Results of the International civic education study

 

These and many other interesting findings are the results of the International Civic Education Study, a study of the International Association for Evaluation of Educational Achievements (IEA), in which 90 thousands of 14-year-old pupils from 28 countries took place. Contrary to other studies it didnít focused only to comparison of studentsĎ knowledge and skills with help of a multiple choice test, but through a special questionnaire it tried to examine also their civic attitudes and opinions. In the Czech republic the study was conducted on 148 randomly sampled basic schools and multi-year gymnasia.

 

 

Czech pupilsí knowledge and skills in civic education

Czech pupils reached very good results in the knowledge test; pupils from only four countries reached significantly better results Ė Poland, Finland, Cyprus and Greece. Students from Australia, Denmark, Hong-Kong, Italy, Hungary, Germany, Norway, Russia, Slovak Republic, Slovenia, Sweden and USA showed approximately the same level of knowledge. Pupils of other eleven countries reached significantly worse results in the test than the Czech pupils.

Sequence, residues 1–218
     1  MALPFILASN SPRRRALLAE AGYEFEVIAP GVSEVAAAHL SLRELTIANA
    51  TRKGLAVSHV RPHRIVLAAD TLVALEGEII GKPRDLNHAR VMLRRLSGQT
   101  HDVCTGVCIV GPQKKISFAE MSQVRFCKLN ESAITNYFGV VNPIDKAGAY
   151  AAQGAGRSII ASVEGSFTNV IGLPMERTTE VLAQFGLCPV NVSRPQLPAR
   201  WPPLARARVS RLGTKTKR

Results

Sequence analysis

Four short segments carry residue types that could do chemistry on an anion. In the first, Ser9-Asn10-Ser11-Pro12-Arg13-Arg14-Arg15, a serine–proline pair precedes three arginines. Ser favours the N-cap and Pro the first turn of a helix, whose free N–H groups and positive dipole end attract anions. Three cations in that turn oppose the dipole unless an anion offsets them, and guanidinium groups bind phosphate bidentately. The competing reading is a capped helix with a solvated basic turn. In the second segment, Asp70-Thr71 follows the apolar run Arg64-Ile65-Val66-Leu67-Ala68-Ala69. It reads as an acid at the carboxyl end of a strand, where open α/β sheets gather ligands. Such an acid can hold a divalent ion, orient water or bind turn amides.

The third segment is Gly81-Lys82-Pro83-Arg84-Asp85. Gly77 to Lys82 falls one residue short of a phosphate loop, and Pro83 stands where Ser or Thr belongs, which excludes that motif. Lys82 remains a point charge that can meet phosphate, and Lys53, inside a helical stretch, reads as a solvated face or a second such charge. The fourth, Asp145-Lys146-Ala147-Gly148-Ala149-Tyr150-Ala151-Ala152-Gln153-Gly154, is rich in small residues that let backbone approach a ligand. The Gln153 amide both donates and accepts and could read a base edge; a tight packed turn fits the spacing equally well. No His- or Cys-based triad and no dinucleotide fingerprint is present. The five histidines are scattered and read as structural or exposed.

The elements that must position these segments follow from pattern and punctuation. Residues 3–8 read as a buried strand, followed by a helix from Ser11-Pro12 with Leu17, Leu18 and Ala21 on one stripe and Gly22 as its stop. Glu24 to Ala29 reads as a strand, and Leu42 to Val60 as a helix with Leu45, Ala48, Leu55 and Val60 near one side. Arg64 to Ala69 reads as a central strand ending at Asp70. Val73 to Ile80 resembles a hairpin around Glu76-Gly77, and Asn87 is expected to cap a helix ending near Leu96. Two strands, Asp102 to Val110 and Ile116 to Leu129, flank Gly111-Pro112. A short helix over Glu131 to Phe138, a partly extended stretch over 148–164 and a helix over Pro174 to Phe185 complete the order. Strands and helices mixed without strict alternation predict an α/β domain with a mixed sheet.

In the knowledge and skills test the Czech pupils of the multi-year gymnasia reached better results than the pupils of the same age firm the basic schools, and the differences between results of these two types of schools are statistically significant. While the average result of the basic school pupils is at the level of the international mean, the result of the gymnasia pupils lies highly above this international mean.

 

 

Knowledge, independent thinking or development of values?

Czech pupils reached very good results in the knowledge test. This success was probably affected by the orientation of the instruction in Czech schools, which places the main emphasis on knowledge transfer. More than two thirds of the pupils evaluate the instruction in civic education and history as a exposition of facts and dates, that they have to learn by heart, which is the way how to perform well in these subjects. This finding corresponds with opinion of most of their teachers - they claim that in schools the most emphasis is given to knowledge. At the same time, however, they suppose, that the most emphasised goal should be development of independent thinking and development of values.